Some people get really excited about the fourth of July celebrations. I am all for celebrating the birth of our country, but do we have to do it with so many fireworks?! Some hardcore enthusiasts may even start their disruptive explosions the weekend before! If you are anything like me, you dread this upcoming holiday as much as—or more than—your dog. More dogs run away on the fourth of July than any other day of the year. I can’t blame them. Instead of staying up to party until one in the morning, I am that woman yelling, “Knock it off!” to my neighbors who are lighting off fireworks all night long. Here are some tips to minimize dog anxiety this 4th of July.

Celebrate Early

Fourth of July celebrations happen all day long, and fortunately, the majority of fireworks aren’t set off until after dark. If you celebrate early, you can be patriotic while still getting home to comfort your dog through the hours that matter most. Find a daytime picnic to attend. You most likely know someone who is having a BBQ—just come early and plan to leave before dark. You won’t feel left out, and neither will your furry friend.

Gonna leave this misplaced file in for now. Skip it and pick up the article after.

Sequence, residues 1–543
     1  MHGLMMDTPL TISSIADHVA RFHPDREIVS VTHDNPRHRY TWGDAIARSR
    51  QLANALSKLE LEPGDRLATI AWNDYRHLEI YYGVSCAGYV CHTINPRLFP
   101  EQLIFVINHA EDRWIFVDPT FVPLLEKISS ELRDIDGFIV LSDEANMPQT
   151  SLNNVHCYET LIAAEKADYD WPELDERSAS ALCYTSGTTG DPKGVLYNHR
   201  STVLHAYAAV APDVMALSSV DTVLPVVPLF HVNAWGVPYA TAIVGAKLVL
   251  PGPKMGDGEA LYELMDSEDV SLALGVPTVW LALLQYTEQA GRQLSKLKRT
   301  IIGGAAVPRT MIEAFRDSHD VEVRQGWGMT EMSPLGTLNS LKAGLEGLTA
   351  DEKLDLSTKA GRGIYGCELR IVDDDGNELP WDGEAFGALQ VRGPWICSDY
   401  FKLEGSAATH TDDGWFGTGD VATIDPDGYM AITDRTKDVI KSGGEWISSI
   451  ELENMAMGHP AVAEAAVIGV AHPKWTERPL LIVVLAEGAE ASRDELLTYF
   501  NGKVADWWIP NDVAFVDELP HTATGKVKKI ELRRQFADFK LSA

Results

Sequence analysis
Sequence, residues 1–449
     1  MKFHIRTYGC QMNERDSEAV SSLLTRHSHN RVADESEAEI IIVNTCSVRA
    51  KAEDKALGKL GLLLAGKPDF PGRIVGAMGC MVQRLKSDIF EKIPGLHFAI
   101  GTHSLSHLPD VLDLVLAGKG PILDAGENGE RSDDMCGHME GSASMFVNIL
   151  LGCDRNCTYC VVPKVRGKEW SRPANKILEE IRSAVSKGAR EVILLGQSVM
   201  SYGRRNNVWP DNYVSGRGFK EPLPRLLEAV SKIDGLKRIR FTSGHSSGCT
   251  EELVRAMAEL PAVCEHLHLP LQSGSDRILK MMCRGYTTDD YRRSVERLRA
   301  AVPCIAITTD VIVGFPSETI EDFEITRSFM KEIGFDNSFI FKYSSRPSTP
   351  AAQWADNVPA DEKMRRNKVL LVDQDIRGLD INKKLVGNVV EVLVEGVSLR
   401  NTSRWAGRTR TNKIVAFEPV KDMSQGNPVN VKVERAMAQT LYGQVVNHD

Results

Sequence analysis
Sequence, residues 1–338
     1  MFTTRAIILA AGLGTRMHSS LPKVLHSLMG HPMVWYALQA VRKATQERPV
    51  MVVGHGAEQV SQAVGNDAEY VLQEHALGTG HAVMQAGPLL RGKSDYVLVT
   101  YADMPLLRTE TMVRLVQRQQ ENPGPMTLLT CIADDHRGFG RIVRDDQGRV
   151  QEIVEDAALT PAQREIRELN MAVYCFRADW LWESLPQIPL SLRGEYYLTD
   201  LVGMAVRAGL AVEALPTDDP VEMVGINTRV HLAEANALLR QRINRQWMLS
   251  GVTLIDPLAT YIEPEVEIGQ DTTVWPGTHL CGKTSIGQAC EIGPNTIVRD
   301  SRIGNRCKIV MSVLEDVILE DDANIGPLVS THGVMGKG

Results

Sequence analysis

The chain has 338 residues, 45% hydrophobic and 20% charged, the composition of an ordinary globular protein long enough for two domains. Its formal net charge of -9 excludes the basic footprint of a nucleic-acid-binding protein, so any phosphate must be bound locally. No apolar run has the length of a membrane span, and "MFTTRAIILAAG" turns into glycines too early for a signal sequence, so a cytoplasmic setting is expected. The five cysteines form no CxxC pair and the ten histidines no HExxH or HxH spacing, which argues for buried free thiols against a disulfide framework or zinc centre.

If You Can’t Stay Home

If staying home is not an option, you can take some steps to help your canine feel more comfortable. My first recommendation is a supplement called Calm, formulated to promote calmness and relaxation in dogs. It’s available as a tasty tablet or a powder you can mix into food. I give it to my dogs every fourth of July, and whenever they experience stress, like during travel, when going to the vet, or during loud thunderstorms.
You can also put your dog into a crate or a room that is furthest from the street (or furthest from those neighbors you know will be lighting off fireworks). The further you can get your sweet animal from the noise, the better. Put their favorite toys in the room, and give them plenty of love before you leave.

Hire a Pet Sitter

If leaving your dog home alone is a no-go, consider hiring a pet sitter. You’ll pay a premium price for the fourth of July (so book early!), but your dog’s peace of mind may be worth the expense. I recommend hiring the same pet sitter for a few sessions before the fourth so your dog gets acquainted with the sitter before the big day. Adding a stranger to the mix with no warm-up would just backfire, unless they come a couple hours in advance to get to know your furry pal.

Stay Close Throughout the Night

If your dog doesn’t already sleep in your room at night, make an exception on the 4th of July. (And if your dog doesn’t usually sleep in your bed, you may want to make an exception for that too, depending on his anxiety level.) Petting your dog and keeping her close while using your voice to sooth her nerves will usually help her feel less tense. Just knowing that you’re there can make all the difference.
Fourth of July fireworks are going to be an annual event whether we like it or not. So follow my advice to help your best friend feel safe this holiday, and those to come.